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Hemorrhoids, also called piles, refers to a condition in which the veins around the anus or rectum are swollen and inflamed. Dietary adjustments are known to help relieve hemorrhoids.
Ten million people in the United States have hemorrhoids, leading to a prevalence greater than 4%. Up to a third of these people require medical treatment,.
resulting in 1.5 million prescriptions per year. The peak age for hemorrhoids is 45-65 years. The term hemorrhoid is usually related to symptoms caused by hemorrhoids. Hemorrhoids occur in healthy individuals. It is when they become enlarged, inflamed, or prolapsed, that most people refer to the condition as hemorrhoids. They are rarely a serious risk to health, and result from too much pressure on the hemorrhoidal veins in the rectum. The strain of constipation, diarrhea and pregnancy can cause the veins to swell. Other factors such as obesity and liver disease can also increase pressure and cause hemorrhoids. There are three types of hemorrhoids:
- Internal hemorrhoids: Internal hemorrhoids can not be seen, they are inside the anus. Straining or irritation from passing stool can injure a hemorrhoid’s delicate surface and cause bleeding. Because internal anal membranes lack pain-sensitive nerve endings, these hemorrhoids usually do not cause discomfort
- External hemorrhoids: These hemorrhoids are under the skin around the anus and tend to be painful. Sometimes blood may collect in an external hemorrhoid and form a clot, causing severe pain, swelling and inflammation. When irritated, external hemorrhoids can itch or bleed
- Prolapsed hemorrhoids: These are internal hemorrhoids that are so distended that they are pushed outside the anus
In the absence of complications, treatment usually involves over-the-counter corticosteroid creams that can reduce the pain and swelling of hemorrhoids and bathing in tubs with warm water to ease painful perianal conditions. Another important step in treating hemorrhoids is to relieve anal pressure and straining. This can often be done by controlling constipation with a high-fiber diet.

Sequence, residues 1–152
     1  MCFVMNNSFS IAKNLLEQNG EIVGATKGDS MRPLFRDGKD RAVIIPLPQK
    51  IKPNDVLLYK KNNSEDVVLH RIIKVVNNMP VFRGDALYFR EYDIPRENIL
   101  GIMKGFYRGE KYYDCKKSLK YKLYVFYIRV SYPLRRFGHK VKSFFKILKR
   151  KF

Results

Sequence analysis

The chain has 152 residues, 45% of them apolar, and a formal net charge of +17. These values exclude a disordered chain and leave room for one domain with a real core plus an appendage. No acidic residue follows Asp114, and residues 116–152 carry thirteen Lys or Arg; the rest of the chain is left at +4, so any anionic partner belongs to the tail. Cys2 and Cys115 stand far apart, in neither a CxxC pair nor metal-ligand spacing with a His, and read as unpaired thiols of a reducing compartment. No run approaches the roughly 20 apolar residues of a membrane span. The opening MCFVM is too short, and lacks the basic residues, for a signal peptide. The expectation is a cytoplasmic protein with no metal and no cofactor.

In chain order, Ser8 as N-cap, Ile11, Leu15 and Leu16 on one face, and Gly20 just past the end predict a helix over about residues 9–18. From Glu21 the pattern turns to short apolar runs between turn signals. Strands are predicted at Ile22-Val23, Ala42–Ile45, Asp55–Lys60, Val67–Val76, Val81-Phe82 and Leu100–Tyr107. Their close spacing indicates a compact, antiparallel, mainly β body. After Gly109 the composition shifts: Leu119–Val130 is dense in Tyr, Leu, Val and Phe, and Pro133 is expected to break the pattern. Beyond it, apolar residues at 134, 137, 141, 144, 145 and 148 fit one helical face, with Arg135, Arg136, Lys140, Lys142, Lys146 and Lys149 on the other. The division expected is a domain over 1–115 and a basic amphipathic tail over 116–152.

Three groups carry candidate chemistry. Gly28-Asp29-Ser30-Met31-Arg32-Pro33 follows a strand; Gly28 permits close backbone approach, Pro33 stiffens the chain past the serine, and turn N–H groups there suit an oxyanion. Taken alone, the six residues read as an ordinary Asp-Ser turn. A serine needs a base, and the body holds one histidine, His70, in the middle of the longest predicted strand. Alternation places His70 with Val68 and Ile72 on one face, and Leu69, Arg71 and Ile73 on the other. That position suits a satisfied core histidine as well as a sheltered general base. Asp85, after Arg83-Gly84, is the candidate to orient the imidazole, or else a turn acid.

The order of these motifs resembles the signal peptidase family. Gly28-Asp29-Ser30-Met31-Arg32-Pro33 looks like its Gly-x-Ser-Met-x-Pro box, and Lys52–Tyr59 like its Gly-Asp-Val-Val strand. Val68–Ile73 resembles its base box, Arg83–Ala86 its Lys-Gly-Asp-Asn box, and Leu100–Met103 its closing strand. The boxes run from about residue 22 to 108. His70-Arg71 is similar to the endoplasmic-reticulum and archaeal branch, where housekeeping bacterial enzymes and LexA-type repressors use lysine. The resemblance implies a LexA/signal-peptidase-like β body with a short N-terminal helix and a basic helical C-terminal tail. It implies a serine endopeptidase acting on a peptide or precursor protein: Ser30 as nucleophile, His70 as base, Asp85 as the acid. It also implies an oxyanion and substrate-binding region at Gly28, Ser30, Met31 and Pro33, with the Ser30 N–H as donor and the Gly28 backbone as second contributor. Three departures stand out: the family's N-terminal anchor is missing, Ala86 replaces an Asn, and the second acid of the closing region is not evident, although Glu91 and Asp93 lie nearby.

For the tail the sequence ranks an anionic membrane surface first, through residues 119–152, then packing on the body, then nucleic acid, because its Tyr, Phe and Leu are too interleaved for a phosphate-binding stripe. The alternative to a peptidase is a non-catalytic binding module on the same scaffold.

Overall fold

Foods that are high in fiber have been shown to help in the treatment of constipation and hemorrhoids. The American Academy of Family Physicians recommends the following simple dietary guidelines to prevent or lower hemorrhoids symptoms:
- Eating at least 4.5 cups of fruits and vegetables each day.
- Replacing white bread with whole-grain breads and cereals.
- Eating bran cereal for breakfast.
- Adding 1/4 cup of wheat bran (Miller’s bran) to foods such as cooked cereal or applesauce or meat loaf. (This advice is contrary to other experts and organisations who advise against this practice as it can make constipation worse.)
- Eating cooked beans each week.
In its most recent 2005 public health recommendations for dietary fiber, the National Academy of Sciences established an Adequate Intake (AI) level of 38g of total daily fiber for males 19-50 years of age and 25g for women in this same age range. The following foods are excellent sources of dietary fiber and can be included as part of a hemorrhoid diet:
- cinnamon, ground, 2 tsp (2.5g)
- turnip greens, cooked, 1 cup (5.0g)
- basil, dried, ground, 2 tsp (1.2g)
- coriander seeds, 2 tsp (1.4g)
- oregano, dried, ground, 2 tsp (1.3g)
- raspberries, 1 cup (8.3g)
- thyme, dried, ground, 2 tsp (1.1g)
- mustard greens, boiled, 1 cup (2.8g)
- rosemary, dried, 2 tsp (0.9g)
- romaine lettuce, 2 cups (1.9g)
- cauliflower, boiled, 1 cup (3.4g)
- collard greens, boiled, 1 cup (5.3g)
- broccoli, steamed, 1 cup (4.7g)
- cloves, dried, ground, 2 tsp (1.5g)
- celery, raw, 1 cup (2.0g)
- swiss chard, boiled, 1 cup (3.7g)
- cabbage, shredded, boiled, 1 cup (3.5g)
- spinach, boiled, 1 cup (4.3g)
- chili pepper, dried, 2 tsp (2.6g)
- black pepper, 2 tsp (1.1g)
- fennel, raw, sliced, 1 cup (2.7g)
- green beans, boiled, 1 cup (4.0g)
- eggplant, cooked, 1 cup (2.5g)
- cayenne pepper, dried, 2 tsp (1.0g)
- cranberries, 1/2 cup (2.0g)
- strawberries, 1 cup (3.3g)
- bell peppers, red, raw, 1 cup (1.8g)
- winter squash, baked, 1 cup (5.7g)